Meet the Indigenous Muslims in Maya Heartland

The Mexican state of Chiapas is considered the heartland of the indigenous people tracing their ancestry to the great Mayan civilization. A small Muslim community has been forming over the last few years made up of mostly indigenous Tzotzil people who converted to Islam from Catholicism.

The Muslim men in this area are distinguished by their prayer caps, or kufis, and the women by their hijabs which take the form of traditional Maya shawls.

Locals say the conversions to Islam began in the late 1980s, around the same time Mexico’s Zapatista movement was gaining traction in Chiapas, as institutions including Christianity and capitalism came under increasing criticism.

According to the last census, some 83 percent of Mexicans are Catholic. And although Muslims make up less than 1 percent of Mexico’s 120 million population, a disproportionate number are indigenous clustered in and around San Cristobal de las Casas, a highland city in Chiapas that mixes both Maya and Spanish identity.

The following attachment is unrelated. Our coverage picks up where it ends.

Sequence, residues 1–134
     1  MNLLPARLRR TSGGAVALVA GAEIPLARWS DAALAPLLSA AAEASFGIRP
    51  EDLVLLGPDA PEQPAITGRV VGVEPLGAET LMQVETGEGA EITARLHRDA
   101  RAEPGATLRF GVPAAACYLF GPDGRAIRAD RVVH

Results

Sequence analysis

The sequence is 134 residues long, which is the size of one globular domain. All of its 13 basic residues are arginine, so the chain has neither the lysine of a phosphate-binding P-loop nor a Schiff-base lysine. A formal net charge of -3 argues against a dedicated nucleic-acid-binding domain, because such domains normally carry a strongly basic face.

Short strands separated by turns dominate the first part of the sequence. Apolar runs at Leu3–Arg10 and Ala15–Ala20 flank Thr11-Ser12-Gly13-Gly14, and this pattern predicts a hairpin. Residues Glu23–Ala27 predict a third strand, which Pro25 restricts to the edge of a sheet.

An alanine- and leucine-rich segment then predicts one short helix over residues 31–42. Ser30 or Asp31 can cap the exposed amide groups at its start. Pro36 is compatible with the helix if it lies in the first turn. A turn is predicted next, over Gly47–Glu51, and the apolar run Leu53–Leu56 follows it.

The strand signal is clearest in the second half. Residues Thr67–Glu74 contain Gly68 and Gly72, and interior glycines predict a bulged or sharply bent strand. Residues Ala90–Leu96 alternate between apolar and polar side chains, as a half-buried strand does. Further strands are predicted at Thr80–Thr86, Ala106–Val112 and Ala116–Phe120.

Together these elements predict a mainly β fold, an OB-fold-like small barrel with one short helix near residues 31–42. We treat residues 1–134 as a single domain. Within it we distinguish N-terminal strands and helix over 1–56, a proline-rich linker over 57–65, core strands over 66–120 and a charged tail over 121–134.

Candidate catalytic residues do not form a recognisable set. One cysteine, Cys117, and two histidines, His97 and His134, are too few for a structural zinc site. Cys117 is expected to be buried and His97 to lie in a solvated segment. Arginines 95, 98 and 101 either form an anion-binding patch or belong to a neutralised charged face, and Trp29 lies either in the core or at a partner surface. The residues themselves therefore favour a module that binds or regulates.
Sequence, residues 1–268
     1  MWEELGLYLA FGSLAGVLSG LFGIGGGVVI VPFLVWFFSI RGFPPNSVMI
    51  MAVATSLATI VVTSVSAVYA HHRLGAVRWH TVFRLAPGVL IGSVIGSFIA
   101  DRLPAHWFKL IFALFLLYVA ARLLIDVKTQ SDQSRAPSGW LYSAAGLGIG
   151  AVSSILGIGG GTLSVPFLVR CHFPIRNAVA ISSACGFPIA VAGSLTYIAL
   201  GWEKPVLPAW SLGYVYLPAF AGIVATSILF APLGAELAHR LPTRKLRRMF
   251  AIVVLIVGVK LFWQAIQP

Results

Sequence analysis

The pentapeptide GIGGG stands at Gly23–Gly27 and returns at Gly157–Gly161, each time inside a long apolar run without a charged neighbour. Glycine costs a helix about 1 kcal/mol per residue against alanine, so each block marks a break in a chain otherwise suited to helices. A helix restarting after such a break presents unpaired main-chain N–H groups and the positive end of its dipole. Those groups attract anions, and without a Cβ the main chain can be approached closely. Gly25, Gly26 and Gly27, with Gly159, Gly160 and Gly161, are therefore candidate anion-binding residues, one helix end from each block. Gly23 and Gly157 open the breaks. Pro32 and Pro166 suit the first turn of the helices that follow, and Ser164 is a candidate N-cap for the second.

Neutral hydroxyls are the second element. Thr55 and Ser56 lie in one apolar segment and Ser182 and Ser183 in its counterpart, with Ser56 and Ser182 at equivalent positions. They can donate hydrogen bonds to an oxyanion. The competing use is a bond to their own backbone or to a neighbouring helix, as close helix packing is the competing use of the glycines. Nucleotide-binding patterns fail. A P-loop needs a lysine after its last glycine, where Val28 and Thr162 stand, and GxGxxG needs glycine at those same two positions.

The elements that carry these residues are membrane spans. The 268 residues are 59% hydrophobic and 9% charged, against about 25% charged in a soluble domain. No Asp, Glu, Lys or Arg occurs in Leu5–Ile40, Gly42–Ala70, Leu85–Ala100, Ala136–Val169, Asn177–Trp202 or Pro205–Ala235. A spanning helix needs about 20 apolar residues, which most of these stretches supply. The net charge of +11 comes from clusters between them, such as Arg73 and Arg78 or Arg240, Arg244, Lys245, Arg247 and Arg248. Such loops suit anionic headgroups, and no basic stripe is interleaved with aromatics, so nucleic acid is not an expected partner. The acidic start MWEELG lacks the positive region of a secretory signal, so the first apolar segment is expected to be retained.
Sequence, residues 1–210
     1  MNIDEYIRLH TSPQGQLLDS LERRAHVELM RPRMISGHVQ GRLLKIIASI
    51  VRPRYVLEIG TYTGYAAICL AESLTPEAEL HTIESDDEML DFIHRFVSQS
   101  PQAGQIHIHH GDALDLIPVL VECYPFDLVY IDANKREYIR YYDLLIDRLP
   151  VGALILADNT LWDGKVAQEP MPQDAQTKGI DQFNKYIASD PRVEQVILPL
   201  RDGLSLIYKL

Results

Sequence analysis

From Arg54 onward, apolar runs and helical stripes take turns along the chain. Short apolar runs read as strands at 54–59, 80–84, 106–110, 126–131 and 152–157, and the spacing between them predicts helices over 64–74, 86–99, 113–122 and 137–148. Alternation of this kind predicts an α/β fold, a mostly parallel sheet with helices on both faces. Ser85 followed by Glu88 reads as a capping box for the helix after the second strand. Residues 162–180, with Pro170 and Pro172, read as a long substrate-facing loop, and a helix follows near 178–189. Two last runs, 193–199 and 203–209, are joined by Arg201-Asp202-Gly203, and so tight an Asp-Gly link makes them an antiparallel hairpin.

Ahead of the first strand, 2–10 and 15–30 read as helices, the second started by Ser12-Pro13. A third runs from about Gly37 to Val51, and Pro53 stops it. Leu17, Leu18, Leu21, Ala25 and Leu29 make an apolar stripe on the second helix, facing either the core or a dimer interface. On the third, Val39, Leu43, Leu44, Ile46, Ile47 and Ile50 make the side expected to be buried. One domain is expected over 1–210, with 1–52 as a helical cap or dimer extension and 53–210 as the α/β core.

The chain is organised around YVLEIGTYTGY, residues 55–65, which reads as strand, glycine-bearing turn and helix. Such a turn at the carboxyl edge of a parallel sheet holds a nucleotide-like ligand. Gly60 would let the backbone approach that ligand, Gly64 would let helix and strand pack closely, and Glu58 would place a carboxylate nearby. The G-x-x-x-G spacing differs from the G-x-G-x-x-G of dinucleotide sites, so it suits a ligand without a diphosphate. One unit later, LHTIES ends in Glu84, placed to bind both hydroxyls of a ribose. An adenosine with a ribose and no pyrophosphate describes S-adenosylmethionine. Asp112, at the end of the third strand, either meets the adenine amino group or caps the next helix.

“People gave us a weird look when we converted, they thought we were terrorists and were scared of us,” said Mustafa, a member of the nearby Ahmadia community. “But with the passage of time and our own actions, that opinion has changed,” he added.

Umar, an indigenous former evangelical pastor, converted to Islam in the late 1990s and now serves as a bridge between local Christians and Muslims.

“Ours is a monotheistic religion,” he said. “But we don’t worship saints.”

55-year-old Mohamed Amin explained the main reason behind his conversion to Islam: “I like to be clean and change my clothes,” he said. “This is a clean religion and that’s what originally drew me to it.”